With the anticipated decline in visitors, the chamber will work with travel industry partners to develop innovative approaches to promoting the Martha's Vineyard as a premier destination. The chamber is working closely with the Massachusetts Office of Travel and Tourism (MOTT), the Massachusetts Cultural Coast collective of regional destination marketing organizations, and the Cape and Islands Arts and Artisan Trail to develop and implement new and innovative programs that encourage partnerships with lodgings, attractions and restaurants in the new year, including:
90 TV ads, "a new ad every day," were created to promote all of Massachusetts and feature three Vineyard spots that will air in Massachusetts, Connecticut, and New York.
"50 under $50" campaign: summer, fall and winter to spotlight day trips to Martha's Vineyard.
A collaboration with the Massachusetts Cultural Council to promote cultural festivals through WorldFest, that will feature the Aquinnah Artisan Festival.
New LGBT marketing to support the state's aggressive efforts to reach this market and features Martha's Vineyard as both a wedding and honeymoon destination.
Closer to home, the chamber will also:
Launch a new, easily navigated website designed to welcome visitors and drive revenue and referrals to Island businesses.
Encourage Vineyard arts and cultural attractions to participate, at no charge, in the Massachusetts Cultural Coast's on-line calendar, electronic newsletter and multi-lingual website.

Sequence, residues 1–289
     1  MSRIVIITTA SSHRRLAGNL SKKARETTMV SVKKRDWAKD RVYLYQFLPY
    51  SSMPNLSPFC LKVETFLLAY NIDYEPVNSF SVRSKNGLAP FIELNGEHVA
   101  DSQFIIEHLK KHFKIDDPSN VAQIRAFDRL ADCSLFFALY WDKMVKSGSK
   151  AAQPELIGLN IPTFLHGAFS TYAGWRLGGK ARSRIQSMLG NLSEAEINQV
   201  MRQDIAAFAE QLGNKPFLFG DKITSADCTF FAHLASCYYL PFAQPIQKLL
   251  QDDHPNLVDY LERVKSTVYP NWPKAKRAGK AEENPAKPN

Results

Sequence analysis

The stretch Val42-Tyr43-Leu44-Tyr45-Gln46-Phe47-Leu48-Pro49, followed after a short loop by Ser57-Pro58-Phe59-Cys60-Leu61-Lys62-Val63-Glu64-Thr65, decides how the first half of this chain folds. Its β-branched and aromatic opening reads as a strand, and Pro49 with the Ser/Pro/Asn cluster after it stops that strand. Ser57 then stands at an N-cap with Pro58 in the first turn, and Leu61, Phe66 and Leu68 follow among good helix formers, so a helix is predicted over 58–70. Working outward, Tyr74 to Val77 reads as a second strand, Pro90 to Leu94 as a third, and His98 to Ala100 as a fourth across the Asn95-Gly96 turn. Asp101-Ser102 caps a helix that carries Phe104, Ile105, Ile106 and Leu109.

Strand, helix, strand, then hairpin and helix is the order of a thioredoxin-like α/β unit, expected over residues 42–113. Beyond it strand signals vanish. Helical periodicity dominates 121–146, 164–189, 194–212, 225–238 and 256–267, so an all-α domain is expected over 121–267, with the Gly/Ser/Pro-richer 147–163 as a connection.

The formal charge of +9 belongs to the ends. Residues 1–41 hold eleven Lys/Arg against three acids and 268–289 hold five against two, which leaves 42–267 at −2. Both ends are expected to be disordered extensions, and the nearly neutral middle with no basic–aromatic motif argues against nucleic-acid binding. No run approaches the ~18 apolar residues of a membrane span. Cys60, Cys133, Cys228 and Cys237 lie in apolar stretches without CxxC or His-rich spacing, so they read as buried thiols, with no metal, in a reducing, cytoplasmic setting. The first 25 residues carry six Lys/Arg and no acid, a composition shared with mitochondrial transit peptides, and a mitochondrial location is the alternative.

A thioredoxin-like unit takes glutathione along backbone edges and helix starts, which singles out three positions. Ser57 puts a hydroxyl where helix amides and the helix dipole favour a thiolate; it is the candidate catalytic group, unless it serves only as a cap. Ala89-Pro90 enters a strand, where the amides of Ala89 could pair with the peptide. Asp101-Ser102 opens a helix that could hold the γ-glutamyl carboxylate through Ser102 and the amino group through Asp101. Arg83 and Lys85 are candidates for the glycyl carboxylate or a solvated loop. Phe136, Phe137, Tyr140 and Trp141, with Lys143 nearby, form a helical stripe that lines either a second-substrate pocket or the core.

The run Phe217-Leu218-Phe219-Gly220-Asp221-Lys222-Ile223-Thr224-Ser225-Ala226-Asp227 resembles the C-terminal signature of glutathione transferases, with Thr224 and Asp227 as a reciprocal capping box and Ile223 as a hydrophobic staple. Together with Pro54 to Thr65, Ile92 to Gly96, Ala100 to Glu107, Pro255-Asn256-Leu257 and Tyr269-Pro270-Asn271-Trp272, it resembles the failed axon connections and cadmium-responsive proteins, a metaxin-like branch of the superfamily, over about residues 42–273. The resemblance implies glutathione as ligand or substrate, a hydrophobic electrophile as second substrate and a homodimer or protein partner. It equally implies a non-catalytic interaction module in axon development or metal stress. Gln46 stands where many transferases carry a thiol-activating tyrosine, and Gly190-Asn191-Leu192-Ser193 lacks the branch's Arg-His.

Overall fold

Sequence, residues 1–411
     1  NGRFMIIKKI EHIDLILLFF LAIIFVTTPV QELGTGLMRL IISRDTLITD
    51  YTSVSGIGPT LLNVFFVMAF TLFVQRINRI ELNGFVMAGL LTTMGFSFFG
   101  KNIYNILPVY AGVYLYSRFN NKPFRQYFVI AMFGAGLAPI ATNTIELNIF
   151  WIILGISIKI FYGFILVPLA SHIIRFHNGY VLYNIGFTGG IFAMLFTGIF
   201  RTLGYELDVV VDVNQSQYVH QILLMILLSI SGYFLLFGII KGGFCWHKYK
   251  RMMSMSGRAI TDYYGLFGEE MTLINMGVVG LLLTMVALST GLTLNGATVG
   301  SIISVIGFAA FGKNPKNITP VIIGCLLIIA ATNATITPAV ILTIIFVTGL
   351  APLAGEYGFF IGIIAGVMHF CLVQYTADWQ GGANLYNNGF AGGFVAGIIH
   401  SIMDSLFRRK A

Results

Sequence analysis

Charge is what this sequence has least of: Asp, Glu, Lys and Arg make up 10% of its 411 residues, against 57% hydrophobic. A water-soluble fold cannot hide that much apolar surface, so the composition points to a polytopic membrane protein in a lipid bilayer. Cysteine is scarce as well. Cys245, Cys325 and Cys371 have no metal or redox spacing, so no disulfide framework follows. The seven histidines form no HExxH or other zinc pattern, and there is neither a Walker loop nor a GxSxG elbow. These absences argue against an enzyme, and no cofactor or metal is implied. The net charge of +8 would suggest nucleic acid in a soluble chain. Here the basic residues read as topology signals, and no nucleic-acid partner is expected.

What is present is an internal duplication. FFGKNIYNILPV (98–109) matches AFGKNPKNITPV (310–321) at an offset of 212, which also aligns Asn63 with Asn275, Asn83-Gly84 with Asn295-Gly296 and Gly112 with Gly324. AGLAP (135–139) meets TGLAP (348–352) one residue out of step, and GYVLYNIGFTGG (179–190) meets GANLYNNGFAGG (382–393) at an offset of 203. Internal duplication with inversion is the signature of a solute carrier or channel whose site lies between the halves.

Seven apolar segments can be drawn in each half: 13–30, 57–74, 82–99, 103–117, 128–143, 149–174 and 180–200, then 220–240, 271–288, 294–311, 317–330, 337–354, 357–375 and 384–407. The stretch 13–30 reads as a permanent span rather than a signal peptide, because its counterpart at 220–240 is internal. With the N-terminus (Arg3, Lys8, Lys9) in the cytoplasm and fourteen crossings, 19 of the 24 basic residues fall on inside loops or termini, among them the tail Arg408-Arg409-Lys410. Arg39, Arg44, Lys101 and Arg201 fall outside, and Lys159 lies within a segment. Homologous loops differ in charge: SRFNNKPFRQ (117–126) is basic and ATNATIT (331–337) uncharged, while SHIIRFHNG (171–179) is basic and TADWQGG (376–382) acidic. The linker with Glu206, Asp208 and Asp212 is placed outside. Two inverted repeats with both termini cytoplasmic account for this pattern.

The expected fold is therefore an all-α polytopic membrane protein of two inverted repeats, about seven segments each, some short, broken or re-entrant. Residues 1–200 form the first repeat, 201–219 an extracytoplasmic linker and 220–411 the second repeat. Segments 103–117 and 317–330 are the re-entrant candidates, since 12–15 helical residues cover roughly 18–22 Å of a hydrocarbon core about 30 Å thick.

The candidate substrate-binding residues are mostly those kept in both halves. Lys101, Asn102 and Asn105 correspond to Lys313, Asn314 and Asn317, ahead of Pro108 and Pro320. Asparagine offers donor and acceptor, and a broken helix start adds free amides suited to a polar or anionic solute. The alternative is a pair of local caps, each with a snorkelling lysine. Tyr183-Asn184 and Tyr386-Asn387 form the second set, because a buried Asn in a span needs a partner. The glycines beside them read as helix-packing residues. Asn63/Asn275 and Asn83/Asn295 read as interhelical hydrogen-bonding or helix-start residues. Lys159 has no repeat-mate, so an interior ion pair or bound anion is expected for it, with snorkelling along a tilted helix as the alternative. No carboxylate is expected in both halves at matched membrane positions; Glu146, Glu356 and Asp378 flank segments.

Continue to drive the increasing international visitors by participating in print, radio and web advertising in targeted markets, participate in trade shows and sales missions and host press and travel trade familiarization tours to Martha's Vineyard.
Boost domestic visitors focused marketing with demographics that already have an affinity to Martha's Vineyard: Massachusetts and New England residents, people with an interest in coastal locations, particularly Cape Cod, and on event marketing markets.
Provide visitors, and potential visitors, with information about Martha's Vineyard.
Support business in the shoulder seasons by targeting demographics that travel in the fall, courting the cruise ship industry, and supporting local events.
Support and staff visitor the information center in Vineyard Haven, and support the centers in Oak Bluffs and Edgartown. In 2008, over 162,000 people stopped in the visitor information centers.
Lastly, the chamber will build a compelling case for Martha's Vineyard as a vacation and getaway destination, a corporate retreat center and a wedding and honeymoon destination, a nature lover's paradise, a twitter's haven and more, in every season and at every price point. The cache of Martha's Vineyard remains a lure, but it is the people who make each visitor feel welcome and every dollar spent here a joy to part with that will keep our economy healthy. By working together, exercising sound judgment, and supporting one another, I have no doubt that Martha's Vineyard will keep pace in the new year ahead.
Nancy Gardella is the executive director of the Martha's Vineyard Chamber of Commerce.